Bryan Herta has wanted to run Robert Wickens in an Indy car since the two began working together last year with the Bryan Herta Autosport Hyundai TCR program in IMSA’s Michelin Pilot Challenge series.
On his end, Wickens has been searching for years to find the funding to outfit an Indy car with hand controls in order to resume a mercurial rookie IndyCar season that came to a premature end after suffering a punishing crash on the Pocono oval in 2018.
Having returned to racing last year with BHA in the 300hp front-wheel-drive touring cars and won with teammate Mark Wilkins, the Canadian driver is back in the groove and an expert at using the specialized rings and levers and paddles attached to the Hyundai’s steering wheel that allow Wickens to control the throttle, brake, and transmission with nothing more than his hands.
And most importantly, the NTT IndyCar Series is encouraging of Wickens’ efforts to find his way back to the open-wheel series as a competitor.
“Robert Wickens has been an inspiration for all of us,” IndyCar president Jay Frye told RACER. “We are certainly open to Robert, or that could be any qualified driver, racing with hand controls. It’s a technology we haven’t used previously in IndyCar, but we’re open to it. There’s also a lot of work to be done before it would have our approval and there’s the safety side of figuring all of those parts out, but I would never bet against Robert and his determination to make this happen.”
Herta’s set his sights on the 2024 Indianapolis 500 as the goal for Wickens, who was voted Rookie of the Year at Indy in 2018.
“You know, this has been a step-by-step journey with Robby,” Herta said ahead of their Friday MPC race at Daytona. “We started with a test turned into a race seat. And now he’s a winner. Then we talked about what’s next and he’s always said he wants to get back to a top level. I just feel like the Indy 500 is something that he could do.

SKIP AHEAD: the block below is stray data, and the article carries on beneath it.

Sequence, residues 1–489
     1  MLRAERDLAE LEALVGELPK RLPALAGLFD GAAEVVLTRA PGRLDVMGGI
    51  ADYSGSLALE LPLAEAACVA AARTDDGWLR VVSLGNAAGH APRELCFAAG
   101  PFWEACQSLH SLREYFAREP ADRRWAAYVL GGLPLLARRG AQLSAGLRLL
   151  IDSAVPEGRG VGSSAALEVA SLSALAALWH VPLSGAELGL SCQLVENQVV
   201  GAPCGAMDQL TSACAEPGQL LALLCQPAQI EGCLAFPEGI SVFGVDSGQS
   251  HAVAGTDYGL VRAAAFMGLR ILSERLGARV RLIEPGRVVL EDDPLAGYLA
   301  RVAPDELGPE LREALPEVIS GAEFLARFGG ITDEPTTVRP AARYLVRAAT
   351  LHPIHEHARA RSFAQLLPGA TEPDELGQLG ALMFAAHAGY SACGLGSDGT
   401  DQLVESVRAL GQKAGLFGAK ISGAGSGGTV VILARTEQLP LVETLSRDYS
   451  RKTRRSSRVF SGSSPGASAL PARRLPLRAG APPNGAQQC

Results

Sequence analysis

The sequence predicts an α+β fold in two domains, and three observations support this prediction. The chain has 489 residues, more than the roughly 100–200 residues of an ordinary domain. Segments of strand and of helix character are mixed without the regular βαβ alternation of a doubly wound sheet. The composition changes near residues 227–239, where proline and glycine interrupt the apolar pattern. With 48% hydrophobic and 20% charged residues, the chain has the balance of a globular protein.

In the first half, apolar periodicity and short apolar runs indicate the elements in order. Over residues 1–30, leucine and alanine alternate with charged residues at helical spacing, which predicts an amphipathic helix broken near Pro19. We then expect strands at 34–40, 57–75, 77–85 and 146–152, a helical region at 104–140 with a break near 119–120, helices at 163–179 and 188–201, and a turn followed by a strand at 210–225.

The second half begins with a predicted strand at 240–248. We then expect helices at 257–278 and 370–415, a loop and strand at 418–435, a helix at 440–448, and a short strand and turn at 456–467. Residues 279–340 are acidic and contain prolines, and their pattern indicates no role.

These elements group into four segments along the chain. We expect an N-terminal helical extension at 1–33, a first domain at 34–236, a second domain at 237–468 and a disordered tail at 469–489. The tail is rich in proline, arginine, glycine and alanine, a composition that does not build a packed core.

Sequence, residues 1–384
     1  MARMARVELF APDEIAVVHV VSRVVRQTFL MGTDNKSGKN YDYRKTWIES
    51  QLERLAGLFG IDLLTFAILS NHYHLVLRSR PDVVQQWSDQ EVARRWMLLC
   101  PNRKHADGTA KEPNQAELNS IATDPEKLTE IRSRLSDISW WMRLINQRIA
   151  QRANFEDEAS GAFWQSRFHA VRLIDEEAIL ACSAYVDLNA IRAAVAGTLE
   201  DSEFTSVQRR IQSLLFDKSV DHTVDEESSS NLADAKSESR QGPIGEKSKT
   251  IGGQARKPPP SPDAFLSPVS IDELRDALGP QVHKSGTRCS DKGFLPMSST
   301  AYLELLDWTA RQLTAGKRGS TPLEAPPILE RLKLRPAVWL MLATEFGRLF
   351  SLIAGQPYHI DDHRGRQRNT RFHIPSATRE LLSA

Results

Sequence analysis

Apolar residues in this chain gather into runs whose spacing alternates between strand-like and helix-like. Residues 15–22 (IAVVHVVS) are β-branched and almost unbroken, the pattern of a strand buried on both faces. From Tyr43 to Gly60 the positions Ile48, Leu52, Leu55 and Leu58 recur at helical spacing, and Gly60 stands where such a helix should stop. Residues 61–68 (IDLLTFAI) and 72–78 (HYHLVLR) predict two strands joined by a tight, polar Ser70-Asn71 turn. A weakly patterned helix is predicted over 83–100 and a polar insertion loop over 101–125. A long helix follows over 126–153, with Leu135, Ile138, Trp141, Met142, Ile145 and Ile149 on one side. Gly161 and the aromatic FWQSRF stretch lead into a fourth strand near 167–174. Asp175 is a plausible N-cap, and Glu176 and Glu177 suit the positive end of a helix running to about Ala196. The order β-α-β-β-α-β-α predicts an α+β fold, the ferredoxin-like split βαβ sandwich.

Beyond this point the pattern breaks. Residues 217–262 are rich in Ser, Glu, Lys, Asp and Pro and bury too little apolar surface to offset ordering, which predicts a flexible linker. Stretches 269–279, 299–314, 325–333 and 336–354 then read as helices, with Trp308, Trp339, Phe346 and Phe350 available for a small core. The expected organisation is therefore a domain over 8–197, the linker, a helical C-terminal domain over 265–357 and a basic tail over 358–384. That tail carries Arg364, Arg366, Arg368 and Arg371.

“I’ve seen what he can do inside his car. There’s technical challenges that need to be overcome. There’s commercial challenges, and that’s the other piece we need to sort out. We need to find a partner that wants to be part of this journey financially. But working with Jay and IndyCar has been great. There’s been a reasonable amount of work done already in planning into how it could be done.
Kept private, an active research initiative has been under way for a long while, but Herta decided the time is right to take it public and rally the necessary support to make this concept a reality.
“I think we’re all satisfied that there’s a way to do it,” Herta continued. “Now it’s just, OK, instead of having a hypothetical conversation, let’s start having a real one that we’re setting a timeline and trying to make it happen by next year; but there’s a lot that’s going to have to happen, and there’s going to be new technology that’s never been put in a race car before it’s going to have to be developed.